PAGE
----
On Monday, Texas Gov. Greg Abbott activated the entirety of the Texas National Guard as Tropical Storm Harvey continues to create more victims within the Houston area, and overwhelm rescue personnel.
According to a statement from Abbott's office, some 12,000 members of the Texas National Guard will come to south Texas in order to assist with ongoing rescue efforts in cities such as Houston. Houston has experienced devastating flooding that has trapped thousands of residents in their homes.
“It is imperative that we do everything possible to protect the lives and safety of people across the state of Texas as we continue to face the aftermath of this storm,” said Abbott. “The Texas National Guard is working closely with FEMA and federal troops to respond urgently to the growing needs of Texans who have fallen victim to Hurricane Harvey, and the activation of the entire Guard will assist in the efforts already underway."
— Omar Villafranca (@OmarVillafranca) August 28, 2017
Prior to Abbott's decision, the Texas National Guard had 3,000 active members assisting with aid efforts. Abbott's call will activate the remaining able bodied members into service
According to the LA Times, the number of victims has overwhelmed rescue personnel, and clogged emergency lines. On Sunday night, Houston Mayor Sylvester Turner said 911 operators received 56,000 calls in less than 24 hours. Fire and rescue personnel have reportedly received 6,000 calls for aid, and have rescued 1,000 already.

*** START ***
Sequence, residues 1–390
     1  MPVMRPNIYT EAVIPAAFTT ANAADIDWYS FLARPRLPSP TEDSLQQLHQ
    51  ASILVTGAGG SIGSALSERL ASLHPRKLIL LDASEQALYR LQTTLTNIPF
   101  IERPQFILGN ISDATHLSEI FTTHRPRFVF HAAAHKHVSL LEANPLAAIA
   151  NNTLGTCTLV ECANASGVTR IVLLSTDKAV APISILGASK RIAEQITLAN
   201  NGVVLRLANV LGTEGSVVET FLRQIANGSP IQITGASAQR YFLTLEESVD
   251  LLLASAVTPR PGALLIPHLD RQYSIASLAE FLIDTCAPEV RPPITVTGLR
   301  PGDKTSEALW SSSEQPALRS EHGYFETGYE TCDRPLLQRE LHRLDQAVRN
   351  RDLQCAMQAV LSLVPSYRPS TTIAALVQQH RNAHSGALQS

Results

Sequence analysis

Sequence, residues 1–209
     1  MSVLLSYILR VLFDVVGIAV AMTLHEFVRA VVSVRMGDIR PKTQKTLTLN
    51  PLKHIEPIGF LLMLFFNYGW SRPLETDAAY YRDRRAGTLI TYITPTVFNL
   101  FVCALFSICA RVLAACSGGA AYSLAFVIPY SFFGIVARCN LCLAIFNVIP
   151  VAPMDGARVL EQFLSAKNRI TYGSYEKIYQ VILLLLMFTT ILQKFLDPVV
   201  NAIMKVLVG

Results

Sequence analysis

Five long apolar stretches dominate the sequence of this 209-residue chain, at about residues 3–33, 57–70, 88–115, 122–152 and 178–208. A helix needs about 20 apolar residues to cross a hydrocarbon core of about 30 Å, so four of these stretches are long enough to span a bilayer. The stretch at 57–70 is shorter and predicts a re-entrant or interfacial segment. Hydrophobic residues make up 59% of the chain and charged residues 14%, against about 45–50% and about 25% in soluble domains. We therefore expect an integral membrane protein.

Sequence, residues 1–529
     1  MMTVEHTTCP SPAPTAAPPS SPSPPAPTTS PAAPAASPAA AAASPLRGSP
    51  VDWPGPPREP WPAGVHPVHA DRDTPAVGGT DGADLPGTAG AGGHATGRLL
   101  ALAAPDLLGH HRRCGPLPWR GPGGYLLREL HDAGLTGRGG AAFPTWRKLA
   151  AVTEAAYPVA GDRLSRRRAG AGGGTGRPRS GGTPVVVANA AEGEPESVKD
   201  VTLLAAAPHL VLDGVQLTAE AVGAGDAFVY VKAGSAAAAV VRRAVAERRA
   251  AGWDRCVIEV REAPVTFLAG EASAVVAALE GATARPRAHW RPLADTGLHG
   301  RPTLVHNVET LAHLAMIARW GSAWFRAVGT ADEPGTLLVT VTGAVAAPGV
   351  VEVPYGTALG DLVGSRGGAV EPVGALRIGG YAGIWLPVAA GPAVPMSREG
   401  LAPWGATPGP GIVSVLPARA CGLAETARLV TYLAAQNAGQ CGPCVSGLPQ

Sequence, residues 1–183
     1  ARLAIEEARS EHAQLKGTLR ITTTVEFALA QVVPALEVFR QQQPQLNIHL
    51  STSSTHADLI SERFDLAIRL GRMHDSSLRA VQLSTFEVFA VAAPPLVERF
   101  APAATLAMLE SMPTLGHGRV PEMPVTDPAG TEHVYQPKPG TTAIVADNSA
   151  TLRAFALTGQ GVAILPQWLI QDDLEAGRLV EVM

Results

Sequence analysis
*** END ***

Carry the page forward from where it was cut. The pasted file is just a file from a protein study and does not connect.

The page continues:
“If you’re stranded in your vehicle, but you are in a safe place, or a dry place, let’s give preference to those who are in a situation in their home where water is rising very quickly,” Turner told the press on Sunday. “I ask that you continue to call. We are manning 911. But a lot of calls have come in.”
Meanwhile, the U.S. Coast Guard has posted a series of phone numbers Texans can call for help, and hopefully expedite the rescue process.
— U.S. Coast Guard (@USCG) August 27, 2017
According to the Washington Examiner, FEMA Director Brock Long expects more than 30,000 people to be placed in temporary shelters, and 450,000 to file for assistance after the storm.
"While this is still a dangerous situation with a long response effort ahead, the state and people of Texas are resilient," said Long according to Abbott's office. "FEMA was here before the storm hit, and we will be here as long as needed, actively coordinating the full resources of the federal government, to support Gov. Abbott and the state."
Civilian efforts are also ongoing
Civilians have joined the government in rescue efforts, further lightening the load of the state government.
According to Louisiana's citizen-run Cajun Navy, volunteers have already arrived in Texas with private watercraft, and have begun searching for flood victims. The Cajun Navy is currently using the smartphone app "Zello" to locate stranded residents, and coordinate their rescue.
The Lighthouse Charity Team from Galveston is also on scene to rescue those in need in the Dickinson area. Additionally, they are collecting items to deliver to shelters around the area.